The sugar kelp is a «super-organism» that can be used in animal feed and a wide range of other important products. Still, genetic improvement is required to make cultivation more profitable. A new spin-off from Foods of Norway aims to make this happen.
Imagine the despair you would feel if your crops were destroyed. Perhaps due to drought, an aggressive plant disease or pests, or nutrient deficient soil? And back at home you have many hungry mouths to feed.
Human hunting changes brown bear reproductive strategies, so that the cubs stay with their mother longer. As a result, the females have fewer offspring, but grow older. This unexpected finding has just been published in Nature Communications.
After decades of violent conflict, large numbers of Somalis have been displaced and the subsequent migration has contributed to the growth of cities across the country. This NMBU project, led by Durham University in the UK, will investigate links between urbanization and displacement in Somalia. Read more in the project’s first report.
About 100 million years ago, the mother of all salmonid fish underwent a doubling of all its genetic material and ever since then it has had double sets of genes. How has this affected the ability of salmonids to evolve new adaptations?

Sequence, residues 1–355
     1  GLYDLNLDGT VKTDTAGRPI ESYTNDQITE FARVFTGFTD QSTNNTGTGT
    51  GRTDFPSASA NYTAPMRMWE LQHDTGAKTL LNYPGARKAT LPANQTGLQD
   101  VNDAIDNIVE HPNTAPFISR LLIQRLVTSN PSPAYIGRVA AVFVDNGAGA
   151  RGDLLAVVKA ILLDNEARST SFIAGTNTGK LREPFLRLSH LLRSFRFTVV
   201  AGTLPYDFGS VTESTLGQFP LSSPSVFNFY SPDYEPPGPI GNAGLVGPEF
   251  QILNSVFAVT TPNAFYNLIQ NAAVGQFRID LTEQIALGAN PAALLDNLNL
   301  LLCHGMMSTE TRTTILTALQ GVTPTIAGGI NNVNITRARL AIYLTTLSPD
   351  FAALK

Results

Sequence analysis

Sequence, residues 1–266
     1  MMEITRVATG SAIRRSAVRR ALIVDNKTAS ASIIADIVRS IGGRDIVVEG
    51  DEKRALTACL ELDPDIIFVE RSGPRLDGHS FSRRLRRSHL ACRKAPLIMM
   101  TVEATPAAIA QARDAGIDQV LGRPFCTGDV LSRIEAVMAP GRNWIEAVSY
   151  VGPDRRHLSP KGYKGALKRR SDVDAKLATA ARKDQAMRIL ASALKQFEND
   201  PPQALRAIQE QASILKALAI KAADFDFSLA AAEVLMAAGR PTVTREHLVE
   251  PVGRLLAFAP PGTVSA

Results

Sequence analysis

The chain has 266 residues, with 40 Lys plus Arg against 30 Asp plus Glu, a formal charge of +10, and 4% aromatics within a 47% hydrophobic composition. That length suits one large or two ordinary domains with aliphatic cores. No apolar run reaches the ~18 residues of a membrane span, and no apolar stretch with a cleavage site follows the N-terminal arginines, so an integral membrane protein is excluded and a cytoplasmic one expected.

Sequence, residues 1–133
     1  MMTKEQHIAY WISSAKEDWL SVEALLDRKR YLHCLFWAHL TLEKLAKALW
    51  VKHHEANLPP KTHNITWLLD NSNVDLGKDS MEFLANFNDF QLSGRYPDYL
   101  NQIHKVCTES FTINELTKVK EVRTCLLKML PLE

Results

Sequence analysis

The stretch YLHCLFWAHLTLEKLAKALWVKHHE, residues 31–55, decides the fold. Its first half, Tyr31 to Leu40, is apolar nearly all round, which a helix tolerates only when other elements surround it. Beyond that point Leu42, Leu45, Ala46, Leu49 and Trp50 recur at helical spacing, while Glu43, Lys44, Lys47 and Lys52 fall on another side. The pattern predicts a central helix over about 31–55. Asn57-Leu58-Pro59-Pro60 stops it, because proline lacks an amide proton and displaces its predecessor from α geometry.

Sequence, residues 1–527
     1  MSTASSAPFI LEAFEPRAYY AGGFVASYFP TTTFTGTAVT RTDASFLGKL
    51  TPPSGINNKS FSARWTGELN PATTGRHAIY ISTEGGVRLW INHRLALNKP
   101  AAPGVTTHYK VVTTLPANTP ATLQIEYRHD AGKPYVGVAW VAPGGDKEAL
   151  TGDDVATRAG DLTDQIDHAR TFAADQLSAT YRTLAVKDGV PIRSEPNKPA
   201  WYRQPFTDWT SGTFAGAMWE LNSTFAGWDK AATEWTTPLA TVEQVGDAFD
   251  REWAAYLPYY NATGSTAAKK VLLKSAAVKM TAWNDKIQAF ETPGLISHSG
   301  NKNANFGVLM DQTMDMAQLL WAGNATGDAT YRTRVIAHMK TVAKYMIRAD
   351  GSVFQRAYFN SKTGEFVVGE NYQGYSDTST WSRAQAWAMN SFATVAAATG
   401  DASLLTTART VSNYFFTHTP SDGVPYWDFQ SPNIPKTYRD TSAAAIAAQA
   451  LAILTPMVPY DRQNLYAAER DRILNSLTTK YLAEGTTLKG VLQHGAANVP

Extensive use of chemical fertilizers in agriculture is resulting in emissions of nitrous oxide – a potent climate gas. Soil bacteria are essential in this context since they both produce and convert nitrous oxide!
Tilapia has become a top seafood staple on many dinner tables worldwide. New research shows the Tilapia-industry can produce more of the finest cuts by paying closer attention to maternal breeding factors.
Soon plant scientists at NMBU will be able to take a tour of the fields and discover what grew there a couple of years ago, without the need for a time machine or heavy footwear. The only tools needed are a pair of glasses and a computer.
NMBU's PhD student Hannah Harrison has been awarded the German Green Talents Award. She is one of 25 up-and-coming scientists selected from 602 applicants from all over the world. This year’s focus is on “Sustainable Production and Consumption”.
Digitisation has drastically reduced the costs involved in registering owners of cultivated land. This has made large-scale land registration, which in particular strengthens women's rights in societies where they have a weak position, more relevant for developing countries.
Whether you are looking for wood without knots for your skirting board or the perfect Christmas tree, a "digitalised" forest makes it easier to find your dream tree – without having to go into the forest.
The future prospects for value creation from seaweed are promising. Innovation and commercialization depend heavily on collaboration across sectors. Foods of Norway and SINTEF Ocean will continue to exchange knowledge on seaweed.